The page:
The MLB trade deadline will surely feature more significant moves, but the weirdest this month might have been the Colorado Rockies’ decision to not trade closer Daniel Bard. Instead, they gave the 37-year-old relief pitcher a two-year, $19 million extension so that he’ll remain with the team through 2024. Typically this is a move to establish some security in the bullpen, provided that the organization making the move has immediate hopes to compete in the postseason. The Rockies don’t meet that condition.
The Rockies are really just out there doing stuff. This was evident prior to the 2022 season, with the puzzling seven-year contract given to Kris Bryant, and additionally confirmed by their other moves before that. In the past two seasons, they traded away Nolan Arenado, lowballed Jon Gray, and let Trevor Story walk. The Rockies probably aren’t too broken up about that last one, but still: Are they still rebuilding, and if so, what is being built upon? The team has finished fourth in the division every season since 2019, and will once again scuffle at the bottom of the NL West this year.
The issue isn’t that Bard got paid, because he’s been stellar. He also has a fascinating story behind how he landed in Colorado. A decade ago, he was on the Red Sox as a setup man who could hit triple digits, but in 2012 (the atrocious Bobby Valentine season) the team fiddled with him and tried to turn him into a starter. Bard faltered, completely lost his command, and got demoted. The yips took over, and after a series of minor-league contracts, he retired in 2017. The Arizona Diamondbacks hired him as a player mentor for two years, a clear sign that his playing career was a wrap. Before the 2020 season, Bard attempted a comeback, and his command was encouraging enough that he signed a Triple-A contract with the Rockies. In that COVID-shortened season, he turned in some quality innings in relief and was named the NL Comeback Player of the Year. His 2021 was uneven, but this year, he’s been one of the team’s few bright spots, with 22 saves, a 1.86 ERA, and a 1.03 WHIP.
Bard is a legitimate closer who merits a multi-year contract with this season’s performance, and even though he’s close to 40, his arm is probably a little fresher because of that seven-year gap in major-league action. But any other team in this position would have shipped him to a better team for a prospect or two. The Rockies chose to keep him. Perhaps the stats justify the sentimentality here. The bigger issue is that Bard is one of the few Rockies pitchers (along with reliever Tyler Kinley) who don’t bleed runs. The team’s “best” starter is Kyle Freeland, who has a 4.63 ERA and has 6.4 strikeouts per nine innings. He’s never been a K-heavy pitcher, but that’s still not ideal to have as the finest of your rotation. Jon Gray would have helped.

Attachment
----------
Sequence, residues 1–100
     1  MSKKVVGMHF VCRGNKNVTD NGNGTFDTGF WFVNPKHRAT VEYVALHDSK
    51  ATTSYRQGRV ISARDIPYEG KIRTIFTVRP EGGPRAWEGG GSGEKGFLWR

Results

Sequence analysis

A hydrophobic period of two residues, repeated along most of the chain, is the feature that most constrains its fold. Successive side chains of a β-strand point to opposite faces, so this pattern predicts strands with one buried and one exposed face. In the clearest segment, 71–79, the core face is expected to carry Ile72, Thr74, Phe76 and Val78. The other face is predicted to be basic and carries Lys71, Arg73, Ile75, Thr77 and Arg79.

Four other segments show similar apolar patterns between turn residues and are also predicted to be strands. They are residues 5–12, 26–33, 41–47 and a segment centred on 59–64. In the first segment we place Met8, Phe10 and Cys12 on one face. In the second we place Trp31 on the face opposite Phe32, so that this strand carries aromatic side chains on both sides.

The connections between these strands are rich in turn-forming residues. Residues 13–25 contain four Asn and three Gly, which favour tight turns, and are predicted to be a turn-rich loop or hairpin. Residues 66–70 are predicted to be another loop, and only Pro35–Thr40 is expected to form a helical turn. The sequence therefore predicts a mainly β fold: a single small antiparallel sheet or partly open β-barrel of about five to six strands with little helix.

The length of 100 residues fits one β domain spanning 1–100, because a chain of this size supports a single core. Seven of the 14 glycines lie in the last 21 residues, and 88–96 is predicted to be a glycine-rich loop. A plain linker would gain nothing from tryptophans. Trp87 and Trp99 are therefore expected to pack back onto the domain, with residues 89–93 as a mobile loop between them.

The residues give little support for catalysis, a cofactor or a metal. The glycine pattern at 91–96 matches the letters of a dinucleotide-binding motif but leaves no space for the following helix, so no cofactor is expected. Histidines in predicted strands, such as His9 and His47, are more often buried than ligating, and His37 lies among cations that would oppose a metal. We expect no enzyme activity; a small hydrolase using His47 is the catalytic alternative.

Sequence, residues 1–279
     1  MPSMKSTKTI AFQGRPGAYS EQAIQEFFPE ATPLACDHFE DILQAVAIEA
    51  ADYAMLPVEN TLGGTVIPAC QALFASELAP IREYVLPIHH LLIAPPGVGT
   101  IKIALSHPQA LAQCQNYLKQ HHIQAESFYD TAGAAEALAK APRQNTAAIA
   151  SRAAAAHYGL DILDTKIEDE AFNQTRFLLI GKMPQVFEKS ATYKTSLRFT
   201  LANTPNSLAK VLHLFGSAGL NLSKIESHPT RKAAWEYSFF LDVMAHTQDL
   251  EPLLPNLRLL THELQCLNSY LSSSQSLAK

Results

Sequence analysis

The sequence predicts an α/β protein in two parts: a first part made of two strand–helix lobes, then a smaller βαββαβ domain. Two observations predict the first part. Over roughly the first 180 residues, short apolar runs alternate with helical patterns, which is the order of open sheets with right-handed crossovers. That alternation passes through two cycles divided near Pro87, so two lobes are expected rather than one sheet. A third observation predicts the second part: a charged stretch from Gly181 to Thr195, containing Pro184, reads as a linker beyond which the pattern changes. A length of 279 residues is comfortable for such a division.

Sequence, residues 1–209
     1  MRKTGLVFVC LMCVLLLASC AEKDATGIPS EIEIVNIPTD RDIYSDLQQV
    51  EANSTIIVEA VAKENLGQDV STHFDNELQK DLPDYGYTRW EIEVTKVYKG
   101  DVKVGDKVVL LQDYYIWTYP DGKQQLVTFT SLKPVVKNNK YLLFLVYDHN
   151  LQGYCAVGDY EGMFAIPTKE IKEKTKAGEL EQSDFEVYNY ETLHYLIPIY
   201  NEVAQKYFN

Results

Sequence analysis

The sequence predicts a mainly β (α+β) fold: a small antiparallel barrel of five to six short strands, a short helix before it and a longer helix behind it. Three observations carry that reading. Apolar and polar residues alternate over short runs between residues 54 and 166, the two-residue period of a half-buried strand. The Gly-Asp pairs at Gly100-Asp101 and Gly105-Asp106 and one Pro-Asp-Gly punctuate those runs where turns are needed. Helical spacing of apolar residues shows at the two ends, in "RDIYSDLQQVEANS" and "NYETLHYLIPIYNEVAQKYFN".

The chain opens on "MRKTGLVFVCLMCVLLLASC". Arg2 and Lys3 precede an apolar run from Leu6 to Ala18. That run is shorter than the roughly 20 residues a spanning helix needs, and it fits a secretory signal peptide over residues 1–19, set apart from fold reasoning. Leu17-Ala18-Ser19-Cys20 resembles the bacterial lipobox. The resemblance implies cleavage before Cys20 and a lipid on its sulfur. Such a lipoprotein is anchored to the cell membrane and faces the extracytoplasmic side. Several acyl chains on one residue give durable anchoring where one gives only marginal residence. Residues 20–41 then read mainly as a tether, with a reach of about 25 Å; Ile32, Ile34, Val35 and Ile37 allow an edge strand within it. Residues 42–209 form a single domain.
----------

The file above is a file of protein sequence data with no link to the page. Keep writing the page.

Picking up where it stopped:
Nick Groke of The Athletic was correct a few days ago: The Rockies did not want to trade Bard despite all the rumors surrounding him. The team seems to prize any pitcher who doesn’t struggle at Coors Field. Groke’s story included an analogy from Rockies manager Bud Black that revealed the organizational logic:
“We’re fielding calls. We’ve got some players who are desirable,” Black said. “And I can’t speak to it, but I’ll give you some perspective. Team A might call on one of our players and their front office might say, ‘We like this guy.’ And our front office will say, ‘Well, yeah, he’s a good player, you should be on that player. What about so-and-so on your team?’ And they might say, ‘You’re on the right guy, too.’ That’s how it works. It’s not a one-way street.”
“But this happens a little bit, too,” the manager went on. “’Hey, you guys have a Range Rover. We’ll take your Range Rover and we’ll give you our Honda Accord.’ And teams expect you to do that. Why would we do that? ‘How could you not trade your Range Rover?’ Because we might try to keep our Range Rover! Rather than trade it for your Subaru!”
If we want to torture this metaphor, the Rockies aren’t making the most of their Range Rover. They’re using it for five-minute trips to the grocery store and otherwise keeping it in the garage. Also, the Range Rover is leased, and the Rockies are letting the lease lapse and returning it to the dealership, but they’re not even getting a Subaru in exchange. Now they have a bike, or something.
Anyway, this metaphor is now void since the Range Rover’s lease has been extended. Even though there’s no indication of a broader strategy for this organization, it’s sweet that the Rockies spent some money on a closer who revived his career with them, I guess. However, this closer isn’t going to have many high-leverage situations to enter if the pitchers before him cough up five runs per start. The Rockies have figured out who handles the ninth inning; they still haven’t sorted out who pitches the first five or six.